The myth about agencies training themselves



2015 has been an unprecedented year of media agency reviews–the list of companies who reevaluated their ad spend reads like a who’s who of the deep pocket set– Procter & Gamble, Unilever, Coca-Cola, SC Johnson, and L’Oréal to name just a few. Ad Age estimated more than $17 billion up was for grabs and even christened the cataclysm with its own moniker– “Mediapolooza.”

It’s logical to conclude from this trend that brands are expecting more from their agency partners, especially with regards to technology. Thorough, up-to-date comprehension of the rapidly evolving digital marketing landscape has become absolutely crucial for any agency looking to grow their business.

To address this, many agencies have approached the need to quickly upskill by relying on their own digital experts to educate the rest of the team through formal training sessions, on-the-job guidance, and reverse mentoring programs. However, it is a myth among agencies that they can tackle this new need alone.

There are two big problems with leveraging internal talent to educate agency marketers:

1. Your digital marketing veterans’ time is extremely valuable for…doing their job!

Educating other people takes up an enormous amount of non-billable time. On average, our team puts in about 150 hours of prep and design for a one-day (8-hour) workshop. This includes all the time spent scoping a training, conducting interviews with stakeholders, writing learning objectives, and designing engaging workshop experiences. Few and far between are the full-time digital marketers capable of bearing such a burden. By partnering with a vendor, you can outsource most of the time commitment and keep your internal SMEs’ input limited to the interviews and content feedback that will ensure the class is contextualized and relevant.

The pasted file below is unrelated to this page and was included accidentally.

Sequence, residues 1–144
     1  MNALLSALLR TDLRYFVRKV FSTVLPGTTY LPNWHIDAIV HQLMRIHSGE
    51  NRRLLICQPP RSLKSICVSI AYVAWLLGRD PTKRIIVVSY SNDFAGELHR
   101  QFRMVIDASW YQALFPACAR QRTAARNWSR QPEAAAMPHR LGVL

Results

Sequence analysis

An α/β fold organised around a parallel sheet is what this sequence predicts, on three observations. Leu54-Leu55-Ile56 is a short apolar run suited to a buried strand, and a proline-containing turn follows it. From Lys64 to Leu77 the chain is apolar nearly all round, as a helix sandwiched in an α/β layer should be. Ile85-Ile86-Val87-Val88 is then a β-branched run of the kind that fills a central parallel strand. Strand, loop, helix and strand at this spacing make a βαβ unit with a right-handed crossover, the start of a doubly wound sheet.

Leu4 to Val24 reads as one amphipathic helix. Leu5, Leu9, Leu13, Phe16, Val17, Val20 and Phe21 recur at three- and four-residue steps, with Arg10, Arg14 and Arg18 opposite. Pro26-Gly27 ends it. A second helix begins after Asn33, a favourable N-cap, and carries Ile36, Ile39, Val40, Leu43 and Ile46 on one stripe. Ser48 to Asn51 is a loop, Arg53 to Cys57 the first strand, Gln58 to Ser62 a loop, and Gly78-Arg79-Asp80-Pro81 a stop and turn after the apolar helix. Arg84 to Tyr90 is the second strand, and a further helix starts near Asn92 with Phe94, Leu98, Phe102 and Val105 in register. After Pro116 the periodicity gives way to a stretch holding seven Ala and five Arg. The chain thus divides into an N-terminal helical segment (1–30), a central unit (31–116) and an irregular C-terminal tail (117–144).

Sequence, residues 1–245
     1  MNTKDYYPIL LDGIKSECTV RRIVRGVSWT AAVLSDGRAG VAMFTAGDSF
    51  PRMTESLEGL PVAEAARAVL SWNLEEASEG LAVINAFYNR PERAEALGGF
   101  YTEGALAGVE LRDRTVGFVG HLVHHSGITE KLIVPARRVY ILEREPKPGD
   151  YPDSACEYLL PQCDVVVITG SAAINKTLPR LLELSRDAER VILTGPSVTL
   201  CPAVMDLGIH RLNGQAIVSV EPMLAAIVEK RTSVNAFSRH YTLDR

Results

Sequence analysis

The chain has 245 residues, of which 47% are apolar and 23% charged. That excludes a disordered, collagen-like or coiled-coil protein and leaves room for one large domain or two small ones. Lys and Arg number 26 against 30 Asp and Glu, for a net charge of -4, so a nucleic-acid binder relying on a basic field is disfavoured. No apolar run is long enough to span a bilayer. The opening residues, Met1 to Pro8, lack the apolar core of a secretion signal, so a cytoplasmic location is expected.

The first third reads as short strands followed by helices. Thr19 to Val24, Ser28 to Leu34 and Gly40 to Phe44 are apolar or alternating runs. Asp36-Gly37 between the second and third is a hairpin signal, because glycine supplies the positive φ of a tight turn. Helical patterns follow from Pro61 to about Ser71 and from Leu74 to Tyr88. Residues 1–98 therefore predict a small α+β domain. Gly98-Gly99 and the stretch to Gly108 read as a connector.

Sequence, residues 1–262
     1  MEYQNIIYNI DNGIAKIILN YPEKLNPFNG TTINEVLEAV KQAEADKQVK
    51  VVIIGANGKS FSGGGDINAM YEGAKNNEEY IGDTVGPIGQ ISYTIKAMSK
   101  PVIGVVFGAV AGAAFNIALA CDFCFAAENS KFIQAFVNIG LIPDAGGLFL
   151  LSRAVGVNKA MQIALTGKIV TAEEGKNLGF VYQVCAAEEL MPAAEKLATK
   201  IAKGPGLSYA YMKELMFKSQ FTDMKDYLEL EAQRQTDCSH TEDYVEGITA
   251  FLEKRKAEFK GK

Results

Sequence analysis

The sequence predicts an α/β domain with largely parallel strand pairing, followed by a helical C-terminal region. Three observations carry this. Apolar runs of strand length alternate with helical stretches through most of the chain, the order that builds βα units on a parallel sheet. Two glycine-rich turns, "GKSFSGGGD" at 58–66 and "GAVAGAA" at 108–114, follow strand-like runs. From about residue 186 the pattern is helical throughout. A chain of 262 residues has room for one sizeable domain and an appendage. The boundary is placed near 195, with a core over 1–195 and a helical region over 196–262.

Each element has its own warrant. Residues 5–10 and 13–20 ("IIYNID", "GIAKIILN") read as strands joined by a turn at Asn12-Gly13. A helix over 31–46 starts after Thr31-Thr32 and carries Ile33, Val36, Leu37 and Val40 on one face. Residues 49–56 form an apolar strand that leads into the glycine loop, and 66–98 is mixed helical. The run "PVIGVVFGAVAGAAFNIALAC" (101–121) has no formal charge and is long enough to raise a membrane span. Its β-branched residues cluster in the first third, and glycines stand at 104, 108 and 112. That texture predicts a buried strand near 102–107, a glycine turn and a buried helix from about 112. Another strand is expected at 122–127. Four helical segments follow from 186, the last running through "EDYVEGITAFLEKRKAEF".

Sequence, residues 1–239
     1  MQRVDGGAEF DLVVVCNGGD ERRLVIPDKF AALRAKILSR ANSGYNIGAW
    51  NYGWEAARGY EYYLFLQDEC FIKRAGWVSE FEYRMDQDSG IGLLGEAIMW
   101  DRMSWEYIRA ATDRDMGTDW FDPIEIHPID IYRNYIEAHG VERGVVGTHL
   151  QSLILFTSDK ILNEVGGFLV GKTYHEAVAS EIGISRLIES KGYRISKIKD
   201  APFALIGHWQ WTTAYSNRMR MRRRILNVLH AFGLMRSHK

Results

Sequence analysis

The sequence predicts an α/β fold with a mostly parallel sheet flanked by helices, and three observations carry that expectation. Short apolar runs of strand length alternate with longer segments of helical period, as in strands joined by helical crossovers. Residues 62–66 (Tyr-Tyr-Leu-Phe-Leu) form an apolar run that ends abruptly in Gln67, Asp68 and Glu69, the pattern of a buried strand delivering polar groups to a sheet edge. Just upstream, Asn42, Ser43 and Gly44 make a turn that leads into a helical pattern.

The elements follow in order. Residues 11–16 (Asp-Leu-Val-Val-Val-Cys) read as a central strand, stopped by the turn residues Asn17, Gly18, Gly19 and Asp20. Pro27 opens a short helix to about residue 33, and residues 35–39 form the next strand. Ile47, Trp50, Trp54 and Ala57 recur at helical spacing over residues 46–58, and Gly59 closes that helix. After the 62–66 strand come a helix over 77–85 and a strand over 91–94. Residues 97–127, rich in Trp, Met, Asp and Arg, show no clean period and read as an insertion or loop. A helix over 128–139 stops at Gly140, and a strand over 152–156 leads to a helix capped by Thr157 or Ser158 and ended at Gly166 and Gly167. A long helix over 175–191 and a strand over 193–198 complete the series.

2. Your digital marketing veterans are experts in their craft, but they are probably not experts in designing and delivering training to their colleagues.

A lot goes into designing a high-quality corporate training. To start, it requires interviews with program participants and stakeholders to discover the exact objective of the training–it is not always what was originally anticipated. Agencies who handle their own training often miss this crucial step and waste time heading down the wrong road before backtracking to realign. Secondly, corporate training’s terrible reputation is evidence that it requires thoughtful instructional design. At GA, our teaching model is to pair practitioner-experts from our network with our instructional designers from our staff. This combination results in cutting-edge and interactive sessions with takeaways that your team can actually apply to their work. Lastly, getting all the right people into the right place at the right time is a job unto itself. An external partner has the experience in getting from A to Z and will make sure your training efforts don’t get stopped dead in the water.

To both increase the quality of digital education and decrease the time spent creating it, agencies should consider looking externally before committing to self-designed efforts.

Read our white paper “The Truth About 21st Century Marketing Talent” to learn more about the myths that hold back the development of digital skills among agency marketing talent.